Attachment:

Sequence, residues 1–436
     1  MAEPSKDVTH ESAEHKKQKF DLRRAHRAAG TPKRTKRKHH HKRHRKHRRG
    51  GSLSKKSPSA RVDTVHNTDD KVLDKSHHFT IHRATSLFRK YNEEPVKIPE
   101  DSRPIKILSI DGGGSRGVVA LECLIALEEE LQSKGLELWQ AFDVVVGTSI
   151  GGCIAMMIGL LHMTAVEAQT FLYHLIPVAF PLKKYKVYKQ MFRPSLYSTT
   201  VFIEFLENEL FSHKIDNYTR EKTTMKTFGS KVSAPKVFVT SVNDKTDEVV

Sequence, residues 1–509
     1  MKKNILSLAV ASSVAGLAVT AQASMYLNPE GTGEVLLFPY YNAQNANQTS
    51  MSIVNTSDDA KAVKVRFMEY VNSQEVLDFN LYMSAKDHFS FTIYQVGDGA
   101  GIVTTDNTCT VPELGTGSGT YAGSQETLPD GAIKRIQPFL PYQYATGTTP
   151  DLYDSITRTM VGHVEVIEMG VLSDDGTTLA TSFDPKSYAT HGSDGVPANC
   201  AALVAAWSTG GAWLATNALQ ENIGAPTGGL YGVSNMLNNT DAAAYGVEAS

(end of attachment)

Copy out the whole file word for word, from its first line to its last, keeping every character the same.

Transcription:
Sequence, residues 1–436
     1  MAEPSKDVTH ESAEHKKQKF DLRRAHRAAG TPKRTKRKHH HKRHRKHRRG
    51  GSLSKKSPSA RVDTVHNTDD KVLDKSHHFT IHRATSLFRK YNEEPVKIPE
   101  DSRPIKILSI DGGGSRGVVA LECLIALEEE LQSKGLELWQ AFDVVVGTSI
   151  GGCIAMMIGL LHMTAVEAQT FLYHLIPVAF PLKKYKVYKQ MFRPSLYSTT
   201  VFIEFLENEL FSHKIDNYTR EKTTMKTFGS KVSAPKVFVT SVNDKTDEVV

Sequence, residues 1–509
     1  MKKNILSLAV ASSVAGLAVT AQASMYLNPE GTGEVLLFPY YNAQNANQTS
    51  MSIVNTSDDA KAVKVRFMEY VNSQEVLDFN LYMSAKDHFS FTIYQVGDGA
   101  GIVTTDNTCT VPELGTGSGT YAGSQETLPD GAIKRIQPFL PYQYATGTTP
   151  DLYDSITRTM VGHVEVIEMG VLSDDGTTLA TSFDPKSYAT HGSDGVPANC
   201  AALVAAWSTG GAWLATNALQ ENIGAPTGGL YGVSNMLNNT DAAAYGVEAS